Reading the pilot program

When change agents realize that actions speak louder than words, it make sense to let a pilot program speak for itself. Showing how the change gets accomplished and what results follow will be far more convincing than any propaganda about the change in the abstract. It's time to play "show and tell" with demonstrations, test drives and other hands-on experience whenever changes need widespread adoption.

To consider the receiving end of these "shows of changing", it's helpful to return to Chip and Dan Heath's metaphor of the elephant with its small rider on top. The elephant will be reading the change from its own perspective, not that of the rational rider. I suspect our inner elephants look for the following attributes in any pilot program for a looming change:

  1. How safe will the participants be during the exposure to embarrassing mistakes and vulnerability to criticism?
  2. How balanced is the change effort with preserving what's already working so the baby does not get thrown out with the bathwater?
  3. How reliable is the structure for orchestrating the diverse change efforts into a coherent whole?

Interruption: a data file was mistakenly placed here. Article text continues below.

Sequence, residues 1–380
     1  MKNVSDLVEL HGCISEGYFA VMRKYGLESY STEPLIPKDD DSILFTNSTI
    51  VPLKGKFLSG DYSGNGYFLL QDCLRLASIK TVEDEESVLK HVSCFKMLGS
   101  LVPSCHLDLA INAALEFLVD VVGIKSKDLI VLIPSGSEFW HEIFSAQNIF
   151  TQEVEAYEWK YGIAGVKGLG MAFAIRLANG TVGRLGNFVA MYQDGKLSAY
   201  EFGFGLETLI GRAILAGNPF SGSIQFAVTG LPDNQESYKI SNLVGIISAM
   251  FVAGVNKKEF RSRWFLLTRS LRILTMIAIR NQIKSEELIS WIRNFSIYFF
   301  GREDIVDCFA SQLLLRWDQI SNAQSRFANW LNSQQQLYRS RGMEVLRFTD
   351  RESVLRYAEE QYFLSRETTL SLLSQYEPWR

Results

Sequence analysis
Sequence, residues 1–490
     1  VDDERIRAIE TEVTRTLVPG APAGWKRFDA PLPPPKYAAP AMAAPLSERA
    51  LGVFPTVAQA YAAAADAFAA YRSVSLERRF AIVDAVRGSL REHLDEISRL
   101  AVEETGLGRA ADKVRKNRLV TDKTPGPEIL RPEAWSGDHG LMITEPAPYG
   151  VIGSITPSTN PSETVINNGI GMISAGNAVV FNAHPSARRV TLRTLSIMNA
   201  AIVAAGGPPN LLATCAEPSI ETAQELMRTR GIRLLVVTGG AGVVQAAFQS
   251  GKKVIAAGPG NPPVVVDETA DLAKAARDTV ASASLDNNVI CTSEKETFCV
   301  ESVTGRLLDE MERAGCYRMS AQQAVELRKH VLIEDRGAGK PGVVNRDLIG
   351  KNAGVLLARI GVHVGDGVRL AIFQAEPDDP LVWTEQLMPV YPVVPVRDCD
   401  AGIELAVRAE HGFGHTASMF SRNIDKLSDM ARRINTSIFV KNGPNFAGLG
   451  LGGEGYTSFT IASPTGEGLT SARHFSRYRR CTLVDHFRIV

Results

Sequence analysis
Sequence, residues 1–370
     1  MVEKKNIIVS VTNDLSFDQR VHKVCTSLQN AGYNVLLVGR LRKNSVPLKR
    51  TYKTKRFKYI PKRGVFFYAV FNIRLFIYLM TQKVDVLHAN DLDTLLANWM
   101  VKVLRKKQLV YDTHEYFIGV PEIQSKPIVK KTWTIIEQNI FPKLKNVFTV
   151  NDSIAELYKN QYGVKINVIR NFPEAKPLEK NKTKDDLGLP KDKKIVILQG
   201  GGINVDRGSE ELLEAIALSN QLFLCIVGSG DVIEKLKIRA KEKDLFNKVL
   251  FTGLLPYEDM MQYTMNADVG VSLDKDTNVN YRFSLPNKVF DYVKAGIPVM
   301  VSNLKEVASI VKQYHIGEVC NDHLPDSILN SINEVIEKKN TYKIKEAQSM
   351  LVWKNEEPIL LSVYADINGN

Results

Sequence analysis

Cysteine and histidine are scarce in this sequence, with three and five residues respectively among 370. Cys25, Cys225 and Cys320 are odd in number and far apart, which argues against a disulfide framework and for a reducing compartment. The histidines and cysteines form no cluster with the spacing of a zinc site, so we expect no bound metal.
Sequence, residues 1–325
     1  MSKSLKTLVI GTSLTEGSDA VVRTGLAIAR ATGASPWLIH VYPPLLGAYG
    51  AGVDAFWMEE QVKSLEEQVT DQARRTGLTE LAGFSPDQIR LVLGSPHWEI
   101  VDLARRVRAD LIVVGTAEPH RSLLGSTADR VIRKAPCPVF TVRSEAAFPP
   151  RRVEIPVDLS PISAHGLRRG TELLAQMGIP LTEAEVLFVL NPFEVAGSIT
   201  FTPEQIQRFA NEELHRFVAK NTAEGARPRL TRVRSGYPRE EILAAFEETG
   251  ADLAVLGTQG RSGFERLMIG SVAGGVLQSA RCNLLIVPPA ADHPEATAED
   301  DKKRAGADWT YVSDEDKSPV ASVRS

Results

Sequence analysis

4. How strong is the container for the participants' misgivings, doubts, hesitation and cynicism toward the proposed change?
  5. How much stability will get restored after the upheaval?
  6. How useful will the change appear after the commotion dies down and the daily grind deals with the change everyday?
  7. How much consideration has been given to not changing or changing more gradually?

These concerns suggest that our inner elephants read any pilot program with a different set of questions than those who are championing the change. If the pilot program answers the elephants' questions, it will get read as a safe path, reliable bridge and protected path to take forward. If the pilot program only answers questions of the small rider on top, the elephants will balk at the change. There will suddenly be tons of motivation to preserve the status quo and avoid the crazies with their inflammatory talk of change.

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